Saturday, December 1, 2012

Beomeosa Temple

In the mid 7th century Buddhist monks built what what today is perhaps the most famous temple in Korea: Beomeosa Temple. The temple itself is actually a set of several large compounds of small temples built far into the wilderness against a wall a mountains. The buildings have been burned and reconstructed several times in their 1300 years lives, the most recent reconstruction dating back to the early 17th century. 

The general disposition of the temple buildings: a set of buildings surrounding an open pavilion with stone statues.

A view of the roofs from one compound. 

When we first arrived at the temple site, it took us about an hour before we actually made our way inside the walls of the compounds. Surrounding the walls are numerous trails lined with bamboo shoots. To say the least, it is stunning. The trees have wept most of their yellow and brown leaves to the forest floor. Their branches are naked and stark against the grey sky. The brown and yellow brown lays undisturbed, solitary, and somehow rich. It was a strange contrast, beneath our feet, above our eyes.

So we spent our first hour wandering among the scenery, as one might become reacquainted with an old friend.

The trees adorned themselves with many vines.

A 200-year-old bridge over the memory of a river.

As Natalie said when she saw it, "My tree throne!"

The above picture seems to be the remains of what was probably a very large river. Judging by the size of the trees, it hasn't flowed in some time. The rock bed itself is probably 100 meters wide, moves up into the mountains towards their peeks, and flows down hill beyond site. Their was a sign at the edge of the rock bed, but it was written in Korean. Which naturally was an insurmountable hurdle to our greater understanding of the river.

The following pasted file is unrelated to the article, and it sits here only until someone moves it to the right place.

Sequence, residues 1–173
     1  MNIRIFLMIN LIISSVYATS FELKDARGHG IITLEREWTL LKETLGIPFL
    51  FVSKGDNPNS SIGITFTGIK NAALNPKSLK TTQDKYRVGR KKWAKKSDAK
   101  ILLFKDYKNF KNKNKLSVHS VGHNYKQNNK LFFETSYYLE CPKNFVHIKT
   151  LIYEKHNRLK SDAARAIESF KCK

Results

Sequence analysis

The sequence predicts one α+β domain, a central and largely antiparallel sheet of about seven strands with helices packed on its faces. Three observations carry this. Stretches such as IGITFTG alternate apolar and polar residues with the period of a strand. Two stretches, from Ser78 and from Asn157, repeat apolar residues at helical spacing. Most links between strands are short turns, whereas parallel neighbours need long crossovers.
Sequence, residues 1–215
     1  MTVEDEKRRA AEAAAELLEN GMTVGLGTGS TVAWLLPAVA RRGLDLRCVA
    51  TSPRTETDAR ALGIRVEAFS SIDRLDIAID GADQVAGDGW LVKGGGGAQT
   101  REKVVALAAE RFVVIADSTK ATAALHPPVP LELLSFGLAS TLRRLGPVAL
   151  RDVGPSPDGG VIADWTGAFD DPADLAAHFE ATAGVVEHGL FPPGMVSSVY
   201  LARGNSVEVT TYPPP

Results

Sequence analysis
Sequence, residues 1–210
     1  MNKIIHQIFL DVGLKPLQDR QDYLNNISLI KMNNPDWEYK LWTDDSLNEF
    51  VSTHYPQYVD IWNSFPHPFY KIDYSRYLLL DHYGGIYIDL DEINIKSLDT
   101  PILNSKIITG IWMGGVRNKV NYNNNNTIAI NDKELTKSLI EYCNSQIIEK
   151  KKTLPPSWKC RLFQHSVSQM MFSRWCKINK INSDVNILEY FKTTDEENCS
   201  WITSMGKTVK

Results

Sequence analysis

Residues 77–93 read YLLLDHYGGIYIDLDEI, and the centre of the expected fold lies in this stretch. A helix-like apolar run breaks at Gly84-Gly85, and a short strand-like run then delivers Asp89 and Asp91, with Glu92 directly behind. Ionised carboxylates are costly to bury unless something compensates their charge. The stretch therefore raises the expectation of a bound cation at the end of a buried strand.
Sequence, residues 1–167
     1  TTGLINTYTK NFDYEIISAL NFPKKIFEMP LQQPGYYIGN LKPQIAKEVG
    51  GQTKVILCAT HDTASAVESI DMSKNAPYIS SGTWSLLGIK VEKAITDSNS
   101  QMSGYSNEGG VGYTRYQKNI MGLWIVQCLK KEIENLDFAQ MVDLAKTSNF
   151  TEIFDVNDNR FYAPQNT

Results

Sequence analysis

This tree was enclosed in a small rock wall, and was very large, very beautiful. The 4 nests in upper reaches of its branches suggest that the birds agreed. In the background is a nice representation of the kinds of mountains surrounding the temple. 

After exploring Beomeosa's surroundings we wandered inside the expanse of the Temple compounds. The architecture was rich, colorful, serene. There were many buildings, each with their own purpose and unique design. The grounds were quiet, with a few other spectators meandering from room to room. What is perhaps the single coolest thing about the temple is that most people visiting the temple were Buddhists who were coming to pay homage and pray. Secondly, the temple grounds are kept by Buddhist monks who live at the Temple permanently. Thus, it felt unlike an historical tourist attraction (i.e. Notredame), and rather was a place whose 1300 year history has gone relatively unchanged in time - that is, barring the modern "improvements" of microphones, electric generators, and various cords, all upon which obvious efforts had gone to conceal their conspicuousness.  

The above picture to the right is one example of what most of the rooms looked like. Centered was usually a gold colored statue, varying from large to small. Along ever wall, and surrounding the room, you can just barely see, are small square tablets with prayers on them. This particular room harbored 2,500 of the little prayers. Most rooms had the small prayers, and contained about the same number. One large room (below), contained over 12,000, and each tablet with its own personal electric candle. Unfotunately, cameras were not allowed inside the rooms. Plus, it somehow would seem wrong to take one in anyway. 

It was probably one of the most fun trips we have been on since coming to Korea. Next week we will visit again and finish exploring the grounds, and afterward will hike some of the surrounding mountains.

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